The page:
|Cities and municipalities|
of the Philippines
A city (Filipino: lungsod/siyudad) is one of the units of local government in the Philippines. All Philippine cities are chartered cities (Filipino: nakakartang lungsod), whose existence as corporate and administrative entities is governed by their own specific municipal charters in addition to the Local Government Code of 1991, which specifies their administrative structure and powers. As of December 17, 2022, there are 148 cities.
A city is entitled to at least one representative in the House of Representatives if its population reaches 250,000. Cities are allowed to use a common seal. As corporate entities, cities have the power to take, purchase, receive, hold, lease, convey, and dispose of real and personal property for its general interests, condemn private property for public use (eminent domain), contract and be contracted with, sue and exercise all the powers conferred to it by Congress. Only an Act of Congress can create or amend a city charter, and with this city charter Congress confers on a city certain powers that regular municipalities or even other cities may not have.
Despite the differences in the powers accorded to each city, all cities regardless of status are given a bigger share of the Internal Revenue Allotment (IRA) compared to regular municipalities, as well as being generally more autonomous than regular municipalities.
Main article: Sangguniang Panlungsod
A city's local government is headed by a mayor elected by popular vote. The vice mayor serves as the presiding officer of the Sangguniang Panlungsod (city council), which serves as the city's legislative body. Upon receiving their charters, cities also receive a full complement of executive departments to better serve their constituents. Some departments are established on a case-by-case basis, depending on the needs of the city.
|Office||Head||Mandatory / Optional|
|Vice Mayor as presiding officer||Mandatory|
|Office of the Secretary to the Sanggunian||Secretary to the Sanggunian||Mandatory|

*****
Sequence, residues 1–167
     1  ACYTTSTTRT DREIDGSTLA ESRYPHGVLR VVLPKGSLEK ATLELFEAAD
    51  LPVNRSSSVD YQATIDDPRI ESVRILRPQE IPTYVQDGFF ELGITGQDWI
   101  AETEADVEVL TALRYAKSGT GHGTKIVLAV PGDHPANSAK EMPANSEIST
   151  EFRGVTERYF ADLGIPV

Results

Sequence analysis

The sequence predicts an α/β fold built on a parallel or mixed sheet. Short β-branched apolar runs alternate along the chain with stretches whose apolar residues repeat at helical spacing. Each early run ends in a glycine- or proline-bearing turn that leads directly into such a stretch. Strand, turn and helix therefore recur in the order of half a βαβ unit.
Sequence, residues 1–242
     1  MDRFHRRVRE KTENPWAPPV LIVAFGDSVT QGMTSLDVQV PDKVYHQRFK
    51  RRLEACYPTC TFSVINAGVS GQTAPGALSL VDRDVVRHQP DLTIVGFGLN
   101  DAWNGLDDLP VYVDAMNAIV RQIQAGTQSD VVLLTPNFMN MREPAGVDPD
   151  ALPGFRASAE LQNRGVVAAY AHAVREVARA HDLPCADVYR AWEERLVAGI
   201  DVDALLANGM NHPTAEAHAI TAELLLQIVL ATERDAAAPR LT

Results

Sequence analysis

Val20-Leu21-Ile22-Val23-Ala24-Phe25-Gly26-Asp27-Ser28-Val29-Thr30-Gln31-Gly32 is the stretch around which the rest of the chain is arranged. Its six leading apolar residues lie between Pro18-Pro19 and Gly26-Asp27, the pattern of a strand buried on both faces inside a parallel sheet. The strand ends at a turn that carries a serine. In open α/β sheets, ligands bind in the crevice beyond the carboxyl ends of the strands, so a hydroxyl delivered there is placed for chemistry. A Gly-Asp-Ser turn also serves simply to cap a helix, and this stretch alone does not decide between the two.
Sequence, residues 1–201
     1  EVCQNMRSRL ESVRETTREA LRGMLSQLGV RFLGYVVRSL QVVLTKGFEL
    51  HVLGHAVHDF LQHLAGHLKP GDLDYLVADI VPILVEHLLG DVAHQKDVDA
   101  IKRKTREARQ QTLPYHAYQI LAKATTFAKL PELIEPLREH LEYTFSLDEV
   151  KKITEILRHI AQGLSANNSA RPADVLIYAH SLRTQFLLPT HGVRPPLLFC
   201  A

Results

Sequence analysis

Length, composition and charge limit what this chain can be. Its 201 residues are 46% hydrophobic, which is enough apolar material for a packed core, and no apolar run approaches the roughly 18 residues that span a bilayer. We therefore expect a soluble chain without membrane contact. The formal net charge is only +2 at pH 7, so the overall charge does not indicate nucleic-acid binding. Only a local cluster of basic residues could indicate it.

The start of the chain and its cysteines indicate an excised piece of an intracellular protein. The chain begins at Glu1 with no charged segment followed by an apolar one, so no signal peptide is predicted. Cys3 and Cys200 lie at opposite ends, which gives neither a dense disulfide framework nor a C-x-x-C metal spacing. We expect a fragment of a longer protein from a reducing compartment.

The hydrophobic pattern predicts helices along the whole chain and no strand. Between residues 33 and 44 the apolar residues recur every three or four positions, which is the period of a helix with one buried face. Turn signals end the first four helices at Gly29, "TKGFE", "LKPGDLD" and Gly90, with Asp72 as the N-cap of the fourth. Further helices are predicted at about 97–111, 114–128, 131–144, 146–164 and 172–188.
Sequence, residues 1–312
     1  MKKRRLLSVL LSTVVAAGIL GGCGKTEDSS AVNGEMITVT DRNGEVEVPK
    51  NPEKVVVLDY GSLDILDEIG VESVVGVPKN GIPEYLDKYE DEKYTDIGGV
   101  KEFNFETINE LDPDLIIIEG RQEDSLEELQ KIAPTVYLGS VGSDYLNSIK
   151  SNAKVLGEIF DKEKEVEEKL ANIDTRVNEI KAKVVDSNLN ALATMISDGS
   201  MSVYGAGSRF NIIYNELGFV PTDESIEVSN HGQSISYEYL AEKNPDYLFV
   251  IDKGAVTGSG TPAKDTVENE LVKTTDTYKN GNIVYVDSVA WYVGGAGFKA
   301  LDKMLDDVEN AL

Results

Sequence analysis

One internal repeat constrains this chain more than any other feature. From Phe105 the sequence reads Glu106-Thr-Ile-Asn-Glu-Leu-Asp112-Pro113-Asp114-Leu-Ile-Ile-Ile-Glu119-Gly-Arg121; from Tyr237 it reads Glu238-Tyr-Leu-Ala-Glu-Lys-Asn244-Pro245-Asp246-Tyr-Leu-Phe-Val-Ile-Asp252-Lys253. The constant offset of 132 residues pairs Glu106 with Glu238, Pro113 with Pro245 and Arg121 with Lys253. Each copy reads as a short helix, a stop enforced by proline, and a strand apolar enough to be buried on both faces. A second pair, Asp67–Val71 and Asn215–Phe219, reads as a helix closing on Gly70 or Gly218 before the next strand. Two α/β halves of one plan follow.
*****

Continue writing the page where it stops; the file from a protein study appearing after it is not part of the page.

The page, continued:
|Accounting and Internal Audit Services||Accountant||Mandatory|
|Budget Office||Budget Officer||Mandatory|
|Planning and Development Office||Planning and Development Coordinator||Mandatory|
|Health Office||Health Officer||Mandatory|
|Office of Civil Registry||Civil Registrar||Mandatory|
|Office of the Administrator||Administrator||Mandatory|
|Office of Legal Services||Legal Officer||Mandatory|
|Office on Social Welfare and Development Services||Social Welfare and Development Officer||Mandatory|
|Office on General Services||General Services Officer||Mandatory|
|Office for Veterinary Services||Veterinarian||Mandatory|
|Office on Architectural Planning and Design||Architect||Optional|
|Office on Public Information||Information Officer||Optional|
|Office for the Development of Cooperatives||Cooperative Officer||Optional|
|Office on Population Development||Population Officer||Optional|
|Office on Environment and Natural Resources||Environment and Natural Resources Office||Optional|
|Office of Agricultural Services||Agriculturist||Optional|
Source: Local Government Code of 1991.
Cities, like municipalities, are composed of barangays (Brgy), which can range from urban neighborhoods (such as Barangay 9, Santa Angela in Laoag), to rural communities (such as Barangay Iwahig in Puerto Princesa). Barangays are sometimes grouped into officially defined administrative (geographical) districts. Examples of such are the cities of Manila (16 districts), Davao (11 districts), Iloilo (seven districts), and Samal (three districts: Babak, Kaputian and Peñaplata). Some cities such as Caloocan, Manila and Pasay even have an intermediate level between the district and barangay levels, called a zone. However, geographic districts and zones are not political units; there are no elected city government officials in these city-specific administrative levels. Rather they only serve to make city planning, statistics-gathering and other administrative tasks easier and more convenient.
Cities are classified according to average annual income of the city based on the previous four calendar years. Effective July 28, 2008, the thresholds for the income classes for cities are:
|Class||Average annual income|
|First||At least 500|
|Second||320+ but < 500|
|Third||240+ but < 320|
|Fourth||160+ but < 240|
|Fifth||80+ but < 160|
The Local Government Code of 1991 (Republic Act No. 7160) classifies all cities into one of three legal categories:
There are 38 independent cities in the Philippines, all of which are classified as either "Highly urbanized" or "Independent component" cities. A city classified as such: